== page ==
Today we’re excited to announce the release of our new title, Every Month is a New Year: Celebrations Around the World, written by Marilyn Singer and illustrated by Susan L. Roth. In many places around the globe, the new year starts on January 1. But not everywhere! Chinese New Year is celebrated in January or February. Iranians observe Nowruz in March. For Thai people, Songkran occurs in April. Ethiopians greet the new year at Enkutatash in September. All these celebrations, and many others, have deep-rooted traditions and treasured customs.
Marilyn Singer is the author of more than one hundred children’s books, including many poetry collections. Her works have won numerous honors, including the Lee Bennett Hopkins Poetry Award Honor and the Orbis Pictus Honor. A Full Moon is Rising is a collection of poems that bring readers on a whirlwind tour of the world to discover an amazing collection of full moon celebrations, beliefs, customs, and facts. You can find out more about Marilyn Singer and her work on her website here.
Since April is National Poetry Month, we asked author Marilyn Singer to tell us a little bit more about what inspired her to write A Full Moon is Rising:
April is National Poetry Month, and we’re celebrating by asking some of our own Lee & Low poets to share their favorite poems with us. Today, poet Marilyn Singer (A Full Moon is Rising) shares:
One of my favorite poems is by the late Karla Kuskin: “Write About a Radish…,” which begins:
Jaclyn DeForge, our Resident Literacy Expert, began her career teaching first and second grade in the South Bronx, and went on to become a literacy coach and earn her Masters of Science in Teaching. In her column she offers teaching and literacy tips for educators.
One aspect of the Common Core that I get asked questions about all the time is thematic text sets. What are they? How do you know which books to use? What types of texts should you be pairing together?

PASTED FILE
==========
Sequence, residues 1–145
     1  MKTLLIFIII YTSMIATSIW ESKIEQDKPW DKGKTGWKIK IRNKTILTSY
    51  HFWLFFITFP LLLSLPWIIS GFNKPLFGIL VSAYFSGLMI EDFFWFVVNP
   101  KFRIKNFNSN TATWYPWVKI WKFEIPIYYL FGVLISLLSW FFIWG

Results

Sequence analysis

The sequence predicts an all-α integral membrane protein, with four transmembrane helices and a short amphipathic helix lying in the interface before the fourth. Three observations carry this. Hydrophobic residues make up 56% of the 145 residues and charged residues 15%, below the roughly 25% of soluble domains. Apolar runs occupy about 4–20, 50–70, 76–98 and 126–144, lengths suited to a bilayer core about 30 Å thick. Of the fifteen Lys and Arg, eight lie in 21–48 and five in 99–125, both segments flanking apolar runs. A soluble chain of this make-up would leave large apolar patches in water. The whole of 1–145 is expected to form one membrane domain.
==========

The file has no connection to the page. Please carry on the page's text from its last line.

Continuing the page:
Fear not! I’ve compiled some examples of text sets that cover one topic and span multiple genres and reading levels and over the next few weeks, I’ll be sharing these sets with you. Some of the titles you may already have in your classroom library, and others I think you’ll enjoy discovering.
For the next installment in our series on Sensational Summer Read Alouds, here’s another title that has a high student-interest level, can be used to hit multiple Common Core learning standards, and is super rich in terms of content.
Today’s Pick: A Full Moon is Rising
Written and Illustrated by: Marilyn Singer
Genre: poetry & informational text
Hook: Your homework: stay up late and look up at the night sky.
It’s almost as if Marilyn Singer anticipated the Common Core when she wrote this collection, which is probably why Book Links named it one of their 2011 Lasting Connections titles. The poetry can definitely be used to teach some key literature standards, but the content is so clearly science and social studies related! She also includes amazing maps and an incredibly informative “About the Poems” section that gives further information about the content covered in each poem.
In our busy day-to-day life, certain things often slip by unnoticed. When is the last time you stepped outside to admire a full moon?
If you can’t remember the last time you admired the moon, tomorrow night is the night to do it. Thanks to the fact that our lunar neighbor will be especially close to Earth (a mere 221,802 miles away!), tomorrow’s moon is expected to be the biggest, brightest full moon of the year, also known as a supermoon.
Some more advice from our LEE & LOW poets! This piece of wisdom is from award-winning author Marilyn Singer. Her first Lee & Low title, A Full Moon Is Rising, is expected later this spring. Some great advice from a woman who really knows poetry!
“My parents knew that reading to their kids was important. But reading wasn’t the only thing they did which shaped my love of books and then of writing. They also sang to me—especially my dad. He had these wonderful pastel-colored HIT PARADE sheets, which contained the lyrics of the most popular songs of the day. Now, we may not have Cole Porter, Ira Gershwin, Johnny Mercer, and all those other great lyricists around these days, but we have plenty of other good ones. I think that singing that stuff to your kids is a marvelous way to inspire musicality, love of words, and a feeling for poetry.